In particular, there are two types of proteins — amyloid and tau, which can clump up and form plaque and tangles around brain cells.
- When amyloids, a sticky protein found in the brain, clump together, they can block neurotransmitters from sending and receiving messages in the brain cells. This is often referred to as “plaque” in the brain.
- Tau, another sticky protein, can similarly build up within the brain to form “tangles.” These tangles block nutrient transport within the brain, causing brain tissue to atrophy and die.
Age is the number one factor when it comes to developing Alzheimer’s disease, with the likelihood of developing Alzheimer’s disease doubling every five years after you reach the age of 65.
People who have had significant brain or head injuries are more susceptible to developing Alzheimer’s later in life, and there appears to be a hereditary link to Alzheimer’s.
There is a link between cardiovascular disease and Alzheimer’s. Smokers, people with diabetes, and those who are obese have an increased risk of developing Alzheimer’s disease.
Current Treatments and Solutions for a Loved One
Alzheimer’s is a progressive disease that currently has no cure. However, there are many prescription drugs available that can slow the effects of Alzheimer’s and help manage symptoms.
Certain medications available can slow down the breakdown of acetylcholine, an important neurotransmitter in the brain. By slowing down the breakdown of acetylcholine, the brain can improve its memory or thinking abilities.
There are other drugs available that treat the symptoms of Alzheimer’s, allowing people to perform their activities of daily living longer than without any treatment.
There are currently medical studies underway testing the effects of anti-amyloid antibodies, drugs that are thought to reduce the amount of amyloid plaque in the brain. These studies are being performed on people who are primarily in their 40s to test whether or not Alzheimer’s can be prevented from forming later in life.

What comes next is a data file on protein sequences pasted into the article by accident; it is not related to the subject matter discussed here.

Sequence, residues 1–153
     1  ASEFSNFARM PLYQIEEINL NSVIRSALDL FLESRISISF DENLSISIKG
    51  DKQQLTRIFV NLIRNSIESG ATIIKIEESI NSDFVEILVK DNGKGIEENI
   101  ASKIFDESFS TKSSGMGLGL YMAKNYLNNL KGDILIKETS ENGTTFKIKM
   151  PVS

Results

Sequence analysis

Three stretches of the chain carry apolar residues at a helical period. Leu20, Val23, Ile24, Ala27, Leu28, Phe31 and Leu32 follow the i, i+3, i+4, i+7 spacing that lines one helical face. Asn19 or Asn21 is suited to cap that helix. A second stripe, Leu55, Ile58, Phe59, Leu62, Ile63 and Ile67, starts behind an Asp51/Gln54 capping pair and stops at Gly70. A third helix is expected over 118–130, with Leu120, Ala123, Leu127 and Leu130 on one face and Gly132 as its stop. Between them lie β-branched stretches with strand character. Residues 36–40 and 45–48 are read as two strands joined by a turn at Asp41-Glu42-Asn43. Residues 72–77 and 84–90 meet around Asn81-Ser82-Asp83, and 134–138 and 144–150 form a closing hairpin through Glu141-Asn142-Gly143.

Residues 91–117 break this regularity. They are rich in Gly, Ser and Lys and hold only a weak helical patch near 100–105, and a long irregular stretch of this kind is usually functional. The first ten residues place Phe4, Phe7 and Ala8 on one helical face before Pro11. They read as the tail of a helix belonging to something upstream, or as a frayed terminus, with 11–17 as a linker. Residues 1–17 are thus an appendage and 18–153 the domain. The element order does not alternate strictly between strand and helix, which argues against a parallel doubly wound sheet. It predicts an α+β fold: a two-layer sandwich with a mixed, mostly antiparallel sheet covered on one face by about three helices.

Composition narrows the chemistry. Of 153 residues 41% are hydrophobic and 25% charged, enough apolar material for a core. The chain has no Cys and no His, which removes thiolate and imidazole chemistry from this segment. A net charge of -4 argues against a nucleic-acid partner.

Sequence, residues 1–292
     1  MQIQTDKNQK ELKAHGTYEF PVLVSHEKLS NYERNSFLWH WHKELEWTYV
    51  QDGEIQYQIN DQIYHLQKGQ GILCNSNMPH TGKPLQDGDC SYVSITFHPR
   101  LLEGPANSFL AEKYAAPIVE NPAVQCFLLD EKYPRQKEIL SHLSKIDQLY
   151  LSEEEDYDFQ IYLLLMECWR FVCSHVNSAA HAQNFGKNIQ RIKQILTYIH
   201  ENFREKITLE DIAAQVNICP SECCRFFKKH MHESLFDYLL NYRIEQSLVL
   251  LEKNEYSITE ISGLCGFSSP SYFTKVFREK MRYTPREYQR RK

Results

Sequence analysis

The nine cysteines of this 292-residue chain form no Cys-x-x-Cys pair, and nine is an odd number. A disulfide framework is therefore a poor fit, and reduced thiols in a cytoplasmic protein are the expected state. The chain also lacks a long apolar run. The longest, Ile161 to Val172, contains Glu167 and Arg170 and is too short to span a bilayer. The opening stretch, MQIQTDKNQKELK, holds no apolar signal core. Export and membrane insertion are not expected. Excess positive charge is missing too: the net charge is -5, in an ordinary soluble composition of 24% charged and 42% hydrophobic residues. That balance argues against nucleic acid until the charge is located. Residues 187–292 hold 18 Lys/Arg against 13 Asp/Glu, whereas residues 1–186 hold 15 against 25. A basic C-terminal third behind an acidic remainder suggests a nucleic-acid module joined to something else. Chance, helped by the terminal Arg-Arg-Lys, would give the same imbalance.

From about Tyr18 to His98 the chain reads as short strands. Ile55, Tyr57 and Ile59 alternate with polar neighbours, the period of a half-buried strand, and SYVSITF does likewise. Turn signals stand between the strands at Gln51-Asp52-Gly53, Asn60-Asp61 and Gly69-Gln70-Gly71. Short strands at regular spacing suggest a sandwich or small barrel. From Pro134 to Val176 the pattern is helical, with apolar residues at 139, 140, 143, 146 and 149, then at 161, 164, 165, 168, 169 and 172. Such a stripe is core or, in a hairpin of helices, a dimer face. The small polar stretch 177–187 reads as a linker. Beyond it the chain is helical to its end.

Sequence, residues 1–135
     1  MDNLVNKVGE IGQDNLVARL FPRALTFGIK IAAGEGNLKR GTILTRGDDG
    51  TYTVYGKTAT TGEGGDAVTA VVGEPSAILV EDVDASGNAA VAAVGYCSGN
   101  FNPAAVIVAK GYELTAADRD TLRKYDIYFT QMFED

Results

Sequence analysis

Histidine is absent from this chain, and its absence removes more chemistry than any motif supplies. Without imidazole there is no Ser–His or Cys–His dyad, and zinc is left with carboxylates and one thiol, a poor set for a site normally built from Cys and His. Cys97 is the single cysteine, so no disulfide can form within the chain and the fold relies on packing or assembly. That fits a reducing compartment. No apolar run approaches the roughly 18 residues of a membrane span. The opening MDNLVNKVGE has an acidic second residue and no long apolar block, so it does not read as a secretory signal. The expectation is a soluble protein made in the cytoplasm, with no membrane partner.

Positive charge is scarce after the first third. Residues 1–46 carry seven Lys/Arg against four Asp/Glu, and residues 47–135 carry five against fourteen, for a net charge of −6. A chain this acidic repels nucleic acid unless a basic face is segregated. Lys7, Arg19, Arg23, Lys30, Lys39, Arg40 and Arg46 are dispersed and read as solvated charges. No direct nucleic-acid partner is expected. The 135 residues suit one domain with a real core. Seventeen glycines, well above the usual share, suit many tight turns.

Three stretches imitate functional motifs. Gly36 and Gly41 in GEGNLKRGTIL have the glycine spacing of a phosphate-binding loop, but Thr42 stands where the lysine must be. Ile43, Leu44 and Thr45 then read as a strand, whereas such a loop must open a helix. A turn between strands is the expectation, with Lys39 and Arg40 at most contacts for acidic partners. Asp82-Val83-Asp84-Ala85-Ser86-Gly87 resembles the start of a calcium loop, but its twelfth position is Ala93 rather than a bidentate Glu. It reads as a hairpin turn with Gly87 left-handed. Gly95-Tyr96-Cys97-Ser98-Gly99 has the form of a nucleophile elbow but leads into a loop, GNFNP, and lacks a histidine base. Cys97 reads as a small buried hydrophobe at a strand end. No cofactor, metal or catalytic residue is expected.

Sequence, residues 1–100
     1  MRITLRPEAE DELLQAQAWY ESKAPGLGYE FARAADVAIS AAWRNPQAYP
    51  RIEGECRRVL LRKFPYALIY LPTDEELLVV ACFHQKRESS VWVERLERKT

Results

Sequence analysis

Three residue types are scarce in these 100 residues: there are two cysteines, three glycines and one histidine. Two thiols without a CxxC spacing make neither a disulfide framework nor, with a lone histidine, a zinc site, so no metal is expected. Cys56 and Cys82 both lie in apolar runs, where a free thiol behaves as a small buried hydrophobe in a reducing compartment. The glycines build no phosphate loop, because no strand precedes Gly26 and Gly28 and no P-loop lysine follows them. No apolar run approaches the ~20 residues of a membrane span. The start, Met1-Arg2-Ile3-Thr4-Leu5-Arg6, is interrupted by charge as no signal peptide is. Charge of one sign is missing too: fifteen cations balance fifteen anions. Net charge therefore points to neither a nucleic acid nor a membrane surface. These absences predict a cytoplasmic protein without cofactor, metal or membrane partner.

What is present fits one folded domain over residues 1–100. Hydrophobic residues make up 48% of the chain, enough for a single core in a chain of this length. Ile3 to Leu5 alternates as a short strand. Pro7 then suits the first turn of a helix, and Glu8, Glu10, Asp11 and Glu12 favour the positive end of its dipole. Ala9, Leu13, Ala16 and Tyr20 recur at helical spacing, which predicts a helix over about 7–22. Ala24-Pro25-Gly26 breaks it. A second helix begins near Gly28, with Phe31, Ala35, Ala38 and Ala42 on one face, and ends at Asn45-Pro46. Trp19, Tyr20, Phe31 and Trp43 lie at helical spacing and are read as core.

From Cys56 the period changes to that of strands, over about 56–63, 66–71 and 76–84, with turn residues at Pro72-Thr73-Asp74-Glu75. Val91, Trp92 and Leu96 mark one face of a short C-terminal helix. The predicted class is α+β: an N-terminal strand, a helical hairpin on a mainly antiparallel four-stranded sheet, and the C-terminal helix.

The Kensington Sierra Madre Memory Care Neighborhoods
Our communities provide a safe, secure, and comfortable option for a loved one dealing with memory loss.
Our enhanced medical license enables us to provide a higher form of care for your loved one over the traditional assisted living community.
The Kensington Sierra Madre’s campus features a team of trained nurses who work around the clock to provide exceptional care for your loved one. We offer on-site rehabilitation, and an on-site physician’s office as well.
- Connections is our neighborhood for those with early to mid-stages of Alzheimer’s and dementia. Connections is a fully secured environment to maximize safety for your loved one while living in a home-like space that fosters calm and comfort.
- Havens is our neighborhood for people with mid to late stages of Alzheimer’s and dementia and provides the highest level of care for our residents. This specially designed community features carefully designed carpet, memory boxes, and color coordination to help minimize confusion. The neighborhood is also fully secure and is filled with happy sounds and smells to spark our resident’s memories and imagination.
At The Kensington Sierra Madre, we extend Our Promise to you: to love and take care of your loved one as we would our own.
If you have a loved one experiencing memory loss and want to find out more about our memory care programs, please contact us today to learn how we can help your loved one age in place.